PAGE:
Homeschooling tips through the alphabet

Are you ready for our third week of Homeschooling Tips from A to Z? I am. This week is the letter C.

Don’t forget, if you think of a homeschool tip that begins with the letter C, go ahead and leave a comment!

If you happened to miss week one with the letter A, or week two with the letter B, just click on the links below. 

Homeschooling tips that begin with the letter A

Homeschooling tips that begin with the letter B

Homeschool Tip #1: Cooperation

My kids and I enjoy doing science experiments together. 

When we studied volcanos, we had to build and make our volcano erupt. It’s a no-brainer, right? It’s just gotta be done. I had four kids in the house at the time, ages ranging from 3 to 14. Let me tell you, I was nervous.

I always want the kids to have fun when we are doing special things, and I don’t want to be a mom that is concerned about a mess, but you know what? I didn’t have to worry. 

The kids worked together. There was no arguing as the kids shredded the newspapers and used Paper Mache’ to build with. The fourteen year old was so helpful with the younger ones, even the three year old got to help, until she got bored. 

As your kids are growing, teach them the benefits of cooperation. They and others around them will appreciate it. 

Homeschool Tip #2: Caring and Compassion

Caring and compassion can go hand-in-hand with cooperation. I think that once you care about someone you are more likely to cooperate with them while doing a task.

These character traits that we can diligently teach our kids at home, set us apart from the rest of the world. So many times my husband and I have been complimented on how well behaved the kids are. They don’t fight between themselves or call each other names. We get along. We have to.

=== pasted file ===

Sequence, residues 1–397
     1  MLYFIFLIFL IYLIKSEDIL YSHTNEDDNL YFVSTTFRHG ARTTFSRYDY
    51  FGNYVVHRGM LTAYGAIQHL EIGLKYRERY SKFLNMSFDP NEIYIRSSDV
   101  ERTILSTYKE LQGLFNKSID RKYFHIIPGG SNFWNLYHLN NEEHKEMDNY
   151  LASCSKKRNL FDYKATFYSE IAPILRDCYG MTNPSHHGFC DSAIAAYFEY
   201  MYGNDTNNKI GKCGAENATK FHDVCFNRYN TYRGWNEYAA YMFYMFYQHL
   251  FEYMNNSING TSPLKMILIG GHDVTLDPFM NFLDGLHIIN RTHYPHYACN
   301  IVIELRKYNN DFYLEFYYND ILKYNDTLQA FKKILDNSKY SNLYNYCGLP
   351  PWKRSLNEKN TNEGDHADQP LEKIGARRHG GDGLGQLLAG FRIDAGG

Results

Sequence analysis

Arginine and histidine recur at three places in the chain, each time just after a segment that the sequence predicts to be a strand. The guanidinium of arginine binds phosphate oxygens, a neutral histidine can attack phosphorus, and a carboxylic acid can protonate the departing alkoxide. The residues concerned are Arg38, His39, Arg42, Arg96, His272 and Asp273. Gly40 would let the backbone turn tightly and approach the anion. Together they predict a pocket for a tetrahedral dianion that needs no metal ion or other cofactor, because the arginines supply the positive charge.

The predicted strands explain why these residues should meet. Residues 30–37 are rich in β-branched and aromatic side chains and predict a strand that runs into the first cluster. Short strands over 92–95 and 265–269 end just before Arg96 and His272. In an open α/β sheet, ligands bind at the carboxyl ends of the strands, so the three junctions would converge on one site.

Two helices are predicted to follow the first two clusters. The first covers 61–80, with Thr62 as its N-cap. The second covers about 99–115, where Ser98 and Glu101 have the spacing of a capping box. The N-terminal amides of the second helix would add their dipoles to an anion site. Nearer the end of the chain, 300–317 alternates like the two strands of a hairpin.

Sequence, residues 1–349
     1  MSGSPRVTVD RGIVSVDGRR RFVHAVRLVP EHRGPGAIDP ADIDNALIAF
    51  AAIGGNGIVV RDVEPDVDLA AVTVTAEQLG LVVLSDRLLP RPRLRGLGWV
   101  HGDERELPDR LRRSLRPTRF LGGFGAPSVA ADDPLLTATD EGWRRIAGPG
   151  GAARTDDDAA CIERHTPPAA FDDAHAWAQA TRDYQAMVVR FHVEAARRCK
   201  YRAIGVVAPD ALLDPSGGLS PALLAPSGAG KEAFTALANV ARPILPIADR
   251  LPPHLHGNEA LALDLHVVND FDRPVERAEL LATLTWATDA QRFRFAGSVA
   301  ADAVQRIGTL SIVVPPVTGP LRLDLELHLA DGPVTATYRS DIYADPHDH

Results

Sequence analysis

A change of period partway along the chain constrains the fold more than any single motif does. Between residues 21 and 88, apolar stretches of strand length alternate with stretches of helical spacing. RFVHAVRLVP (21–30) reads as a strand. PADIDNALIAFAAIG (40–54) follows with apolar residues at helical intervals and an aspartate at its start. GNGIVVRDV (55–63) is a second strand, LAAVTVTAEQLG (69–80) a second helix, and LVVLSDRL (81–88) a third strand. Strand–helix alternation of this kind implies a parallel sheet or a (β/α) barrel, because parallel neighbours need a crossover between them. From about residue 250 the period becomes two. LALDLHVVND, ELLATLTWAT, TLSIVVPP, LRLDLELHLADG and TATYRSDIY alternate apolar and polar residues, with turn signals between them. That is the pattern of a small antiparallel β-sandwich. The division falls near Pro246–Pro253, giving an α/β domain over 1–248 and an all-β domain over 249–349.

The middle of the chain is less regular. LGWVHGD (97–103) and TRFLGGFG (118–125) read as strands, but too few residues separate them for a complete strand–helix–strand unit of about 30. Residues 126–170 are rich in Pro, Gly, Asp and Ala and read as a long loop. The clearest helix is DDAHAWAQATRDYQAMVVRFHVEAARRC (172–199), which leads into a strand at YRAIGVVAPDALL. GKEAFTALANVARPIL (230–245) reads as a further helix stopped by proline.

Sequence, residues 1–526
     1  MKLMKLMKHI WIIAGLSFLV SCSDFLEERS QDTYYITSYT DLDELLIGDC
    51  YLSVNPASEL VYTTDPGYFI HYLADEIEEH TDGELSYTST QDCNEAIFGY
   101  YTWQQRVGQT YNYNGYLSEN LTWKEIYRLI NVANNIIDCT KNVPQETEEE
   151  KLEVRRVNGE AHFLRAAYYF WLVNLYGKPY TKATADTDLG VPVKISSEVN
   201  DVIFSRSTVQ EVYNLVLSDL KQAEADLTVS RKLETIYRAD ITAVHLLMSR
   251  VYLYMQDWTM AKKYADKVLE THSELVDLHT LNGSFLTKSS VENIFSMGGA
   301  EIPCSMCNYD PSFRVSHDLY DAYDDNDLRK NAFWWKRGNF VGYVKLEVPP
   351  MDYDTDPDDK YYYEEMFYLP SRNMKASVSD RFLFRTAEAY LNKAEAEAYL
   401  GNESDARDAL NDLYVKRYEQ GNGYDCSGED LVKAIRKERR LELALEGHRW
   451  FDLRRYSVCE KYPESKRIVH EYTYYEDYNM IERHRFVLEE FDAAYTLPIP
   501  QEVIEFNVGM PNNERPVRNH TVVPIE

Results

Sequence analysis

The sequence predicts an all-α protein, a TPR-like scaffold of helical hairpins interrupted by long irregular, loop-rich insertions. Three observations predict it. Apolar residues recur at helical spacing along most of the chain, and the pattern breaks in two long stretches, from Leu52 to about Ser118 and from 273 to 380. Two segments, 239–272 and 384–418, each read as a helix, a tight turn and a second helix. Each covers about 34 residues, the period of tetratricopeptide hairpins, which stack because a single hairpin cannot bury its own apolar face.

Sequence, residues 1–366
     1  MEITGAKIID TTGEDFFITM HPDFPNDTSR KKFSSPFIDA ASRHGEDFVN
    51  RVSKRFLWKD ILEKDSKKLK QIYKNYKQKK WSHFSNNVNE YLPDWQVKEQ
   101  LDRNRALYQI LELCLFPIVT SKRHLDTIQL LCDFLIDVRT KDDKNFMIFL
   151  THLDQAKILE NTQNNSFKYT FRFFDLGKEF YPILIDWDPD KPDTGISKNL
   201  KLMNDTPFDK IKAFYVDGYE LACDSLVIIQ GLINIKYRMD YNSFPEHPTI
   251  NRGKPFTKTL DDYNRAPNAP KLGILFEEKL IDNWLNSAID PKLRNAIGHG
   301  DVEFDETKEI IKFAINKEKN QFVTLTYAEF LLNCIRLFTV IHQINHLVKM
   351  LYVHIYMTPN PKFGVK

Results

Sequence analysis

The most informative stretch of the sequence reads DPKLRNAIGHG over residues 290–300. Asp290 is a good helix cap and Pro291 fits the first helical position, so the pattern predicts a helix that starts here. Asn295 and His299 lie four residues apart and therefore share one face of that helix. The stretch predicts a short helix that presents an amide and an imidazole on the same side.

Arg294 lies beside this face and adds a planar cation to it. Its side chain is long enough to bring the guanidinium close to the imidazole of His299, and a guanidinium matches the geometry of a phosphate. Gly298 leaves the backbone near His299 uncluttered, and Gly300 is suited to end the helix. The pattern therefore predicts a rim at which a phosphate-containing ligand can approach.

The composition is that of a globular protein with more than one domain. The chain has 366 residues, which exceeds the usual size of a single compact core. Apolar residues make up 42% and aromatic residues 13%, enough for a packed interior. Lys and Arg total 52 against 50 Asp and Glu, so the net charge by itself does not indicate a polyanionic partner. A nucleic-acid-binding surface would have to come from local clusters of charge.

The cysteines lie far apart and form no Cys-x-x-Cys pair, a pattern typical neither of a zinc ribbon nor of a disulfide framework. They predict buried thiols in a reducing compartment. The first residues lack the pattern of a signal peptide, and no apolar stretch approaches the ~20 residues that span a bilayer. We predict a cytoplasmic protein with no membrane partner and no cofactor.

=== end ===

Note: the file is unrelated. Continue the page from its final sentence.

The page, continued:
Homeschooling Tips that start with the letter C

Caring and compassion is not just taught by your speech, homeschool parent, it’s also taught by your own actions. Kids notice when you are kind to others and help others out. It’s a wonderful chance we have to be with our kids and set this good example for them. 

And then, when you see your kids being kind to one another, or to someone outside of the family, don’t forget the recognition and awards that we talked about with the letter A

Homeschool Tip #3: Creativity

When I was in school, my favorite subject was art. Unfortunately, the time just went by way too fast. When that five minute bell rang, it was so disappointing to have to put my project away and go to the next class, which I did not like so well.

Homeschoolers don’t have to have a five minute bell. You have the freedom to keep working on and studying the topics that interest your family the most. 

There are so many ideas for creative study while you homeschool. Some ideas include:

  1. create and act out a play
  2. use puppetry to perform, review, or teach
  3. nature journals
  4. notebooking
  5. art projects
  6. building models
  7. science experiments
  8. cooking
  9. and so much more!

Don’t let the clock rule you all the time, Mom! Just relax. Have fun.

Homeschool Tip #4: Comfortable Couch

My family and I love read-aloud story time. I have loved to take the time on a cold, snowy day to relax on the couch with a comfy blanket, a good book, and all the kids comfy with me, on or near the couch too. 

It’s just so relaxing, and the books are great too. Personally, we love the Youth With A Mission (YWAM) books. We have all of the missionary stories, and currently we are working on the Heroes of History series. 

Your homeschooling doesn’t have to be kept at a desk all of the time. You can do school on the couch too!

Click the YWAM banner picture below to see the wonderful books that YWAM has to offer. Some of our favorites are George Mueller, Gladys Aylward, Nate Saint, Amy Carmichael, Corrie Ten Boom, and David Livingstone. 

Homeschooling Tip #4: Co-ops

Homeschooling tips that start with the letter C

A homeschool co-op is a group of homeschoolers that get together for group learning, fun, and socialization.